A woman is shown making a phone call, facing away from the camera.
Specialized Crisis Intervention Team trained officers are responding to significantly more crisis calls than they were four years ago. Credit: Jeff Haynes / Signal Cleveland

Cassey Fye, program director of the National Alliance on Mental Illness (NAMI) Cleveland, a local affiliate of the national advocacy organization, understands how difficult it is to navigate services for mental health. 

Since the start of pandemic, the group has provided a mixture of virtual, in-person and hybrid programs to help residents impacted by mental illness connect, share stories and build relationships. These efforts are designed to reduce the barriers to accessing safe support in times of need, especially in the midst of an ongoing pandemic. 

“This year has really been a transition for us in thinking how we move on and continue offering support and meeting the needs of folks to engage in those resources,” said Fye. 

The Alcohol, Drug Addiction and Mental Health Services (ADAMHS) Board of Cuyahoga County partnered with the Ohio Suicide Prevention Coalition to produce a resource booklet, Coping With The Holidays, offering a list of self-care tips, hotlines and services for residents who are experiencing discomfort or grief during the holiday season. 

Scott Osiecki, CEO of the ADAMHS Board of Cuyahoga County, said that while this year began with a return to a sense of normalcy, the feelings of transition can be overwhelming for those living in recovery from substance use or struggling with mental health challenges. Coping mechanisms can be effective, but support is always available for those in need. 

For example, the 24-hour WarmLine offers peer supporters who experience mental, substance and behavioral health challenges as well and can speak with others who are experiencing mental health stressors. 

“It’s okay to take care of yourself,” said Osiecki. “That’s what we want to let people know. Things don’t have to be perfect, and don’t put undue stress on yourself.” 

For serious emergencies, there is the FrontLine 24-hour crisis line or the 988 hotline, which is also operated through FrontLine Service, a community behavioral health center serving Cuyahoga County. 

The organization is part of a network of 20 call centers that assists with routing emergency mental health and behavioral crisis calls from the national suicide prevention hotline to local and county entities in an effort to provide services without law enforcement assistance. Since July, FrontLine has received 146 calls per day. Roughly 20 percent of those calls received come from the national hotline and have been assisted by FrontLine’s licensed counselors, social workers and mental health professionals. While call volume and peak times vary daily, Oliver said that other hotlines and resources are available for specific needs. 

“I’m hoping that people are learning about the service and calling when they need to,” Oliver said. “But, I understand making access to help people in need is important. And so we want to make sure that people know the number [988] and know the services that they can get from that number.” 

Tips for a healthy holiday season 

Mental health experts and advocates have suggested that feelings of stress, anxiety and depression during this time of year are normal but can produce long-term behavioral and mental health challenges if not addressed.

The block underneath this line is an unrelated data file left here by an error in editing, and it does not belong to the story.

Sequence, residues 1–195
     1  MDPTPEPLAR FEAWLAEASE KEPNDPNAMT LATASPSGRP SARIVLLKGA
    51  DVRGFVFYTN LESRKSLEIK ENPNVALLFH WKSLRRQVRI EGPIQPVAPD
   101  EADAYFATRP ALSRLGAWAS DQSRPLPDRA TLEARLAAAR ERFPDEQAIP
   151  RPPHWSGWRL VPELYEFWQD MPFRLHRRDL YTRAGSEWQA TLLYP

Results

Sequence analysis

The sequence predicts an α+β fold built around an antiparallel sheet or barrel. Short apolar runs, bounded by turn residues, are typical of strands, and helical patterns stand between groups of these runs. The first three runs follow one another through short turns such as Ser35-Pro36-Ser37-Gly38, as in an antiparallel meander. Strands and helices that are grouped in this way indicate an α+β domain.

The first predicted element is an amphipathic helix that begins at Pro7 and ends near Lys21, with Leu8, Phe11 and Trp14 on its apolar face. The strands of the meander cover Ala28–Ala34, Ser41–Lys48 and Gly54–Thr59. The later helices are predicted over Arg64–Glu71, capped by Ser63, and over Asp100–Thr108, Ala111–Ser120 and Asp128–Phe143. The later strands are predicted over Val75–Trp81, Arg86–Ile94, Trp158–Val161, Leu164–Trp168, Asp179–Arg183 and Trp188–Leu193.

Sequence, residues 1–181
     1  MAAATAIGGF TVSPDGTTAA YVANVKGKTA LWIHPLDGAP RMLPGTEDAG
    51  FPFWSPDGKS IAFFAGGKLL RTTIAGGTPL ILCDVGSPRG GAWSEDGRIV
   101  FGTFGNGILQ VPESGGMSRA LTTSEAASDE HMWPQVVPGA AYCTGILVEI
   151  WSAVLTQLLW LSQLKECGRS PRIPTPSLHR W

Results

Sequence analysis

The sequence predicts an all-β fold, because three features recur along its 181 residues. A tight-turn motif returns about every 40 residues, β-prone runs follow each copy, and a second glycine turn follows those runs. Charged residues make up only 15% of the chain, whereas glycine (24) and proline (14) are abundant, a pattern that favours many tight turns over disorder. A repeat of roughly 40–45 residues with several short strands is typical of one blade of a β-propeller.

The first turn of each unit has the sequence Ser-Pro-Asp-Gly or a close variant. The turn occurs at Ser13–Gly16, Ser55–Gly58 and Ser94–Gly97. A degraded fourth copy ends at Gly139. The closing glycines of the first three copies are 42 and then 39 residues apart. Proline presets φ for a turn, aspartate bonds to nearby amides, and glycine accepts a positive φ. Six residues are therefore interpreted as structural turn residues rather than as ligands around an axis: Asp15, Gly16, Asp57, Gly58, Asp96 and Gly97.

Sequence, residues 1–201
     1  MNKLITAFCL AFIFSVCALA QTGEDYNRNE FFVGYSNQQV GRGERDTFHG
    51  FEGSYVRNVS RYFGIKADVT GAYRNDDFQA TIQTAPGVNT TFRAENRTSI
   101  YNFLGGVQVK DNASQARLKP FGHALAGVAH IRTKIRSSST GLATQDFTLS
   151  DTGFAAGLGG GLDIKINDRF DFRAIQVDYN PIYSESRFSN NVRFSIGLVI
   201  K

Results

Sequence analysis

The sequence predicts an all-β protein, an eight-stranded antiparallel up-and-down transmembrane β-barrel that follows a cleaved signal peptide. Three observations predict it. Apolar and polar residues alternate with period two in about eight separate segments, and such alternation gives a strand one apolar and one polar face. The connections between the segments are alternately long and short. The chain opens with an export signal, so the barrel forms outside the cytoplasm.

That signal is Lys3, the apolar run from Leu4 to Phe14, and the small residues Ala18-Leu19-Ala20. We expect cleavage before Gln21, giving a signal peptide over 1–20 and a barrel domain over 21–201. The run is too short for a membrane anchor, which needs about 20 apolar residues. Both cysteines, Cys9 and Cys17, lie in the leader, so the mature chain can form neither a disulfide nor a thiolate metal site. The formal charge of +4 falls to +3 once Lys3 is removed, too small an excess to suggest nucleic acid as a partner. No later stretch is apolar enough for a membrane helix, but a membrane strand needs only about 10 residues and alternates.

A 2021 survey by NAMI found that three out of five Americans feel their mental health is negatively impacted by the holidays. Another study, by the American Psychological Association, found that 45 percent of Americans would prefer to skip the holidays entirely to avoid financial and familial stressors. 

Sheerli Ratner, Ph.D., a clinical psychologist at MetroHealth, said that shorter days, less exposure to sunlight and time transitions in winter cause changes in our mental and behavioral health. People also experience “holiday blues,” or short-term feelings of moodiness and/or sadness during the season when there is pressure to feel happy and celebratory. 

The combination of these can produce discomfort, frustration and worsening symptoms for many who have mental health challenges. 

“The holiday blues can manifest differently for different people,” said Ratner. “The key is that [these feelings are] temporary. But, if you’re still experiencing these symptoms afterwards, it may be time to reach out to someone for help.”

Mental health support

If you or someone you know is in crisis, experiencing stress, or need mental health and substance use service, here is a list of agencies that can offer support: 

  • ADAMHS Board of Cuyahoga County’s 24-Hour Mental Health/ Addiction Crisis Information & Referral Hotline: 216-623-6888 
  • Frontline Services: 24-hour crisis hotline 216-623-6888
  • Suicide prevention hotline: 800-273-TALK or 800-SUICIDE
  • United Way 2-1-1 
  • Crisis Text Line: text “4Hope” to 741741 
  • 24-Hour National Sucide Prevention Lifeline: 1-800-273-8255 
  • 24-Hour Warm Line: 440-886-5950 Need a listening ear? Call the Warm Line, and a peer-supporter will listen and talk you through a hard holiday season. 
  • OhioMHAS COVID Emotional Support Careline: 1-800-720-9616

Health Reporter (she/her)
Candice, a Cleveland Documenter since 2020, has been a freelance writer whose reporting and digital media work have appeared in The Daily Beast, VICE, Cleveland Magazine and elsewhere. She has written about health, equity and social justice.